Eric Young Jr. – 2.8 career WARP

On June 18, 2013, the Mets acquired the fastest man in baseball. (Possibly.) That’s damning with faint praise, as the Rockies designated Young for assignment two weeks prior. He was speedy … but also not very good. Before coming to the Mets, Young Jr. hit .242/.290/.352, with a True Average of .225 in 57 games for the Rockies. To boot, he had only stolen eight bags. Despite joining the club in June, Young Jr. logged the third most innings in the outfield for the 2013 Mets. That’s just damning.

Young Jr. witnessed a marginal reversal of fortune with more playing time in New York—he improved to .251/.318/.329 as a member of the Mets in 2013. That improved his TAv to .239, and he stole 38 bases, giving him 46 for the season. Young Jr. stayed on for 2014, and despite being around for the full year, he logged less playing time. Now a 31-year-old sojourner, he made a forgettable late season cameo with the Mets in 2015. And did I mention he was once the fastest man in baseball? — Eric Garcia-McKinley

Gregg Jefferies – 17.7 career WARP

I was only five when the Mets won the World Series in 1986, so I don’t remember much about the great teams of the mid- to late-80s. One of my earliest memories is of Gary Carter, who became my favorite player when my father brought me an autographed photo after meeting him one day. The Kid was a star but Gregg Jefferies stands out as the other significant player in my burgeoning Mets fandom for an entirely different reason. Jefferies was named Baseball America Minor League Player of the year for both the 1986 and 1987 seasons–I did not know or care about that at the time–but my fascination with him was based solely in the similarity of our names. Young Craig Jeffrey Glaser didn’t care about Gregg Jefferies leading the league with 40 doubles in 1990, but he did feel a kinship with the young infielder in whom he heard a little bit of himself. Jefferies eventually moved on but his time with the Mets was formative to my love of the sport and the team. — Craig Glaser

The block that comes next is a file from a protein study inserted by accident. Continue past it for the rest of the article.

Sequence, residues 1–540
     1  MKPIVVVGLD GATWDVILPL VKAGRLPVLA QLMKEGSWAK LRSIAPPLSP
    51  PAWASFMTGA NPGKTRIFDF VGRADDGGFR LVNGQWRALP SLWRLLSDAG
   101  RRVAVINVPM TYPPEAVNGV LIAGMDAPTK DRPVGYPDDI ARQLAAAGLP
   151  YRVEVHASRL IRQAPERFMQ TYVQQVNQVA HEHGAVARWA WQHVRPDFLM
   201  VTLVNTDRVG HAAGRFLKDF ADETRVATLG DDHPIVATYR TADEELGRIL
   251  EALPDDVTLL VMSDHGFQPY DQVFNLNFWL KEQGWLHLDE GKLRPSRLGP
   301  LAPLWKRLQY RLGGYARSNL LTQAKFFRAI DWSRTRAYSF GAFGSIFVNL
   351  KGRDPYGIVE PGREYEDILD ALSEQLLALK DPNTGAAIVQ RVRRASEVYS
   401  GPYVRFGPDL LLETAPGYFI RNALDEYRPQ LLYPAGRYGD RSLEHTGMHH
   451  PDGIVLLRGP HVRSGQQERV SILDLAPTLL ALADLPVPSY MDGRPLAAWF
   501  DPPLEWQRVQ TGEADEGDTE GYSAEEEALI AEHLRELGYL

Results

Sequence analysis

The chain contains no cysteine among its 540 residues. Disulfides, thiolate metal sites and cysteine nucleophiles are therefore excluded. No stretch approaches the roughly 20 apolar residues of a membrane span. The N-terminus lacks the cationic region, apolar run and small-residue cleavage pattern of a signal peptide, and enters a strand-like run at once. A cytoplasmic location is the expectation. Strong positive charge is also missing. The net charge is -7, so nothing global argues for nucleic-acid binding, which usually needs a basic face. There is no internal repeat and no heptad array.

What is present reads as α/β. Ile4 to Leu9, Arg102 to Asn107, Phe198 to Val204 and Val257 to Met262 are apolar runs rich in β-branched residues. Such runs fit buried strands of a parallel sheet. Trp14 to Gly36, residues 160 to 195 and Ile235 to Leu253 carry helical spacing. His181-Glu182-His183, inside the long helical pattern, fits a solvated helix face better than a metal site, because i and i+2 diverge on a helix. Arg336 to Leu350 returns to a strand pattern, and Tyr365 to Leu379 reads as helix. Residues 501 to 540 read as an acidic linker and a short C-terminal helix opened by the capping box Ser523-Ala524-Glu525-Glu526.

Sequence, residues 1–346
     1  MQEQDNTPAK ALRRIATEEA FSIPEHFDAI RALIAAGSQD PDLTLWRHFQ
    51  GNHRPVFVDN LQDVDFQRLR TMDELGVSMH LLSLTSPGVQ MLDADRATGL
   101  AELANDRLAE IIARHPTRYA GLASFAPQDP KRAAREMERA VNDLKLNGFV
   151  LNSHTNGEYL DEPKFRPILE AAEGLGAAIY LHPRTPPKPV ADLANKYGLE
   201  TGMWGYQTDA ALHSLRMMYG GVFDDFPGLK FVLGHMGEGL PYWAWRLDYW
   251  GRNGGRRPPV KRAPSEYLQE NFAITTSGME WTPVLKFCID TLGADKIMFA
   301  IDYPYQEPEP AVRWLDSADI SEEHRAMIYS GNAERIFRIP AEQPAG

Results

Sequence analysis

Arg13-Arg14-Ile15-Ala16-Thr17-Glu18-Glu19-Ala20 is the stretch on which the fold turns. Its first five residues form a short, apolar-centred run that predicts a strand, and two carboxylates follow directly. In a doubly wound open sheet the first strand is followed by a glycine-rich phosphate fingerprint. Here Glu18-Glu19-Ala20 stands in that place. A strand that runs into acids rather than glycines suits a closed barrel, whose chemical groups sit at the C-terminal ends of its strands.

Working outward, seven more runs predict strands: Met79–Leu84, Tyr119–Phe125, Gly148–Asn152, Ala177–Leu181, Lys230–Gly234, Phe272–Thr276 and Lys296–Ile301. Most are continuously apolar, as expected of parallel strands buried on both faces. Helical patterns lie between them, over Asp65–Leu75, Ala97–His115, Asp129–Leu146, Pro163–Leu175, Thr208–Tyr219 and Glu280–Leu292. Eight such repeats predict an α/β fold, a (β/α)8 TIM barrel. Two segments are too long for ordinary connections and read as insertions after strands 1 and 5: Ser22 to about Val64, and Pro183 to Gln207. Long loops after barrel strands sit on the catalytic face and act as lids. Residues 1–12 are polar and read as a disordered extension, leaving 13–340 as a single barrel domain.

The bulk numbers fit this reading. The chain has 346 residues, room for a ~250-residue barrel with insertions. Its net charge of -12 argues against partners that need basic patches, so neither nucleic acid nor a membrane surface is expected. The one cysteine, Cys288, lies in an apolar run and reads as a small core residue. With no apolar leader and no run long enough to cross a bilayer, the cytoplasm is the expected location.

Endy Chavez – 6.7 career WARP

Chavez did cool things on the baseball field. “Endy Things” were largely the aesthetically pleasing events an old sportswriter might fawn over: taking an extra base by hustling here, a perfect bunt there, a big catch flying in from outside the picture, or a clutch hit you’d remember for awhile. Endy would create excitement, and he’d do it with a big smile.

The most famous Endy Thing is “The Catch,” his way-over-the-wall snowcone robbery of a would-be Scott Rolen home run in Game 7 of the 2006 NLCS, in front of a billboard poetically touting “The Strength To Be There.” Another Endy Thing happened seconds later; Chavez rebounded off the wall in perfect position to hit the cutoff man, then doubled off Jim Edmonds to end the inning. There was an extra out to be had, so Endy was there.

Chavez gained a reputation as a clutch player–a reputation that does not bear out in his situational hitting splits. If you look at his player card, it looks like he was just a glove-and-speed fourth outfielder. Then you remember that he once pulled off a two-out walk-off bunt and smile at the memory. — Jarrett Seidler

Cliff Floyd – 27.0 career WARP